Woodstock in a Whirlwind
By Ella Veres

Twenty four hours after I arrived in the New World I was walking around Woodstock.

Now let me say that I am not one of those retro 1960s enthusiasts who lament that they were born too late and who regard the famous 1969 festival of sex, drugs, and rock and roll as the highpoint of the 20th century, coming to it as pilgrims to a shrine,, like visitors in Florence breathing in the renaissance. Why? Well, one certainly didn't see much of sexual revolution on our national TV. The Regime of the late Nicolae Ceausescu, our dictator, did not think valuable foreign exchange should be diverted from building either the house of the people or polluting the atmosphere by importing the film of Woodstock that made the name a world wide encapsulation of youth culture and sensual delight all around the world.

All we saw were two or three hours of comrade visiting the cow farm in Vascauti or heck knows what crucial party conference. What I knew of and worshipped was Cenaclul Flacara, a local imitation of Woodstock, in which young people went to listen to ,music and poetry, yell and get an adrenaline shot. We listened to songs of Joan Baez and Bob Dylan, along with inspired Romanian songs, and admired the unwonted gathering of longhair guitar players, poets, and actors displaying jeans and prophetic eyes. Jeans were a luxury item smuggled from the West and a statement at those times. Prophetic eyes were an equal luxury. Few could keep them unabashed for long under the systematic hammering into uniformity :induced by the state.

They would tour Romania and rally youth inspiring a sense of Freedom. Which was paradoxical since this gathering's production was a hybrid of non-conventionalist and ass licking of Ceausescu. Its leader was the honored court poet who could spit an ode in half an hour praising eulogistic our "ship captain" achievements and our tremendous, though nonexistent, love. His snoring rhymes, though saying nothing, somehow pumped up our patriotism.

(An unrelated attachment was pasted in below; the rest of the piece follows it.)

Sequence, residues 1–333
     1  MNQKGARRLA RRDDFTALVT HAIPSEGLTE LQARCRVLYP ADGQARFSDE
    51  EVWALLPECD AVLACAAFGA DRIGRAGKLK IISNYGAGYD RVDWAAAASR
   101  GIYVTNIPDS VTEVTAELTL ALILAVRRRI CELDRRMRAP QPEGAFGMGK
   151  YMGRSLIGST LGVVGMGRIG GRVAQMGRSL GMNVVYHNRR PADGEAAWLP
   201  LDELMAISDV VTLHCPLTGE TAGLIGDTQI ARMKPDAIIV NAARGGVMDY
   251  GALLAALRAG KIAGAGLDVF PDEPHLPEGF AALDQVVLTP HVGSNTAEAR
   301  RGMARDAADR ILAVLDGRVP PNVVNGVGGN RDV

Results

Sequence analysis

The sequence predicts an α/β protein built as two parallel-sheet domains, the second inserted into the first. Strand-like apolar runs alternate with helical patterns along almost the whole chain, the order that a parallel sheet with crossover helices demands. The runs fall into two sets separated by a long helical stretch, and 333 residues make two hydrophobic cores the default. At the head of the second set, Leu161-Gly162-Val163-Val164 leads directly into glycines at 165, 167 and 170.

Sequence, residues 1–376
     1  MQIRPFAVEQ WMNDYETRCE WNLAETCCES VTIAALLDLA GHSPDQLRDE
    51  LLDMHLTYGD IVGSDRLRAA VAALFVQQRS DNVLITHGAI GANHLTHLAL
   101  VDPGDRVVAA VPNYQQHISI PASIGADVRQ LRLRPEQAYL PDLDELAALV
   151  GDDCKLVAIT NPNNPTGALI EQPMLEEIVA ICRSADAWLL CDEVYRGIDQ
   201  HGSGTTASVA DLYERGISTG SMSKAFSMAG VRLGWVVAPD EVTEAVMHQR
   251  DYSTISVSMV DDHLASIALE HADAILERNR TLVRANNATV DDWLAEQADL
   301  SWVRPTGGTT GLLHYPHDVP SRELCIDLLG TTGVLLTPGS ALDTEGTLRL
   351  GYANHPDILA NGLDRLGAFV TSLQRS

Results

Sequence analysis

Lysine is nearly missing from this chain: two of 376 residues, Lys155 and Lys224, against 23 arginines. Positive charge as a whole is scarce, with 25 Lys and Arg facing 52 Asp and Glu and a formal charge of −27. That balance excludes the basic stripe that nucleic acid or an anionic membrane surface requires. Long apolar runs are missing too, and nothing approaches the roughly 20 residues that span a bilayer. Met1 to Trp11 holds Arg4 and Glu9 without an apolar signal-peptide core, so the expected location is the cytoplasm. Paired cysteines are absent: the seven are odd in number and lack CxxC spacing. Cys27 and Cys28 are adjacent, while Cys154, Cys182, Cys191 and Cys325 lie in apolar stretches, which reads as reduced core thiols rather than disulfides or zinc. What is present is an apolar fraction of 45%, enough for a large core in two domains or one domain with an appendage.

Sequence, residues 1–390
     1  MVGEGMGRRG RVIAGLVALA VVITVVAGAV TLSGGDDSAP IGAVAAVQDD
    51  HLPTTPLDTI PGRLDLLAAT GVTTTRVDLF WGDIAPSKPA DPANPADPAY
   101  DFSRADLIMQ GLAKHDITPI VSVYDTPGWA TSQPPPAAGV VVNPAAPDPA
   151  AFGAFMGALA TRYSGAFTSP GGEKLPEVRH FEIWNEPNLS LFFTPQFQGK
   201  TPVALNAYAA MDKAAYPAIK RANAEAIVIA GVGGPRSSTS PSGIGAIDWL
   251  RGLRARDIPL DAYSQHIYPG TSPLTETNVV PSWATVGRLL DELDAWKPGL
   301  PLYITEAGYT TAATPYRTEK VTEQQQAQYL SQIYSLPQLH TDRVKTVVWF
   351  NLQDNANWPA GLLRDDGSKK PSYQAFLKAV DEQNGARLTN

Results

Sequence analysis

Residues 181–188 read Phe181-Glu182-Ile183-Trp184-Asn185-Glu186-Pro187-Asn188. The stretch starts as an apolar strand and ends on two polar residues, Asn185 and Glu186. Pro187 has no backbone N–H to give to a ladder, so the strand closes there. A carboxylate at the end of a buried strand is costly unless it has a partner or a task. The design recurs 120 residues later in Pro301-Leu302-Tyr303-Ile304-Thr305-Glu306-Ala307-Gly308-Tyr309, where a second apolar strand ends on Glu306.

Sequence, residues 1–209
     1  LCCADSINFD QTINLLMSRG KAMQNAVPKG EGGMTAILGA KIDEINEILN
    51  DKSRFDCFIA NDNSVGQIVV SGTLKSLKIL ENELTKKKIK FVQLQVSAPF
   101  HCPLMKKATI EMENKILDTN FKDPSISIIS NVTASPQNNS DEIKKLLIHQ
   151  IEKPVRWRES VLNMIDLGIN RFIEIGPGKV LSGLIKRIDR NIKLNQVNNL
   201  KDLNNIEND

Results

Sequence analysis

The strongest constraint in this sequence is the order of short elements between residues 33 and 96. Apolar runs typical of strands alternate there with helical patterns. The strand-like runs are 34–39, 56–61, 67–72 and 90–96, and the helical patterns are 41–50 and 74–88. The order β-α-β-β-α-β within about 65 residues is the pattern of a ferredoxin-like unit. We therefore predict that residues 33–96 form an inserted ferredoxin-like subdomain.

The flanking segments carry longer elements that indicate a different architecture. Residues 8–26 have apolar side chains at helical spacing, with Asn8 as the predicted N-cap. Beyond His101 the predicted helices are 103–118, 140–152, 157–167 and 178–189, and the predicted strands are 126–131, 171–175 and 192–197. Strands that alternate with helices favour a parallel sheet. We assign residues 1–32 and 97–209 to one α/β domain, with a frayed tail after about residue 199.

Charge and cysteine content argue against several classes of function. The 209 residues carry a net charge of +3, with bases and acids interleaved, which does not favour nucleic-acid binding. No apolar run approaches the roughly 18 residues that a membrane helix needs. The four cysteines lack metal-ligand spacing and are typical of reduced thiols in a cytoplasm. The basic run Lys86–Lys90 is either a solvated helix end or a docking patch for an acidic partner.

I remember I ran away from home to attend one of these gatherings on the symbolic Liberty Plain at Blaj, a small Transylvanian town and I was disappointed. It didn't look glamorous like on TV; just some young people dangling and singing together in drunken :voices. The best hard rock band in Romania, Phoenix, just left the stage in protest of we didn't know what. Low payment perhaps. I remember it was getting dark and people lit some wretched newspapers We heard next day on TV that torches(?/!) were lit on the Liberty Plain. What torches?! They were just a bunch of privileged liars, pretending to be heroes. So I lost interest in their tours.

I heard about Woodstock only when I moved to Budapest, in Hungary where there is an annual event in August comparable with Woodstock. Young people from all over Europe come together for one week and enjoys music, boozing, and all one thinks of when hears the word "Woodstock." They do these liberating activities in sign of protest, but actually there is nothing- anymore to protest against. There is no communism, everyone is free to get as many pairs of jeans as they want, shave their skull or grow long hair, get AIDS or kids conceived from the combined seed of several unknown fathers, no problem.

But anyway here I was in Woodstock, the home of it all. The Place where I understand that Country Joe and the Fish sang "One, two :three four, what are we fighting for? Don't ask me I don't give a damn, Next stop is Vietnam." And thousands cheered and smoked dope and rolled in the mud left by the rain and proclaimed the Age of Aquarius. So here I was, in this pleasant Catskill Mountain town at the invitation of a red hair Woodstockian who... I actually don't remember if he invited me or I invited myself to visit real Woodstock on my way to a conference in Philadelphia where I was invited to debate liberty in arts. He warned me Woodstock was a small mountain resort and said he hoped I wouldn't be disappointed. I pacified him saying I loved small towns. I don't, but since he said he had no specific expectations, why should I?!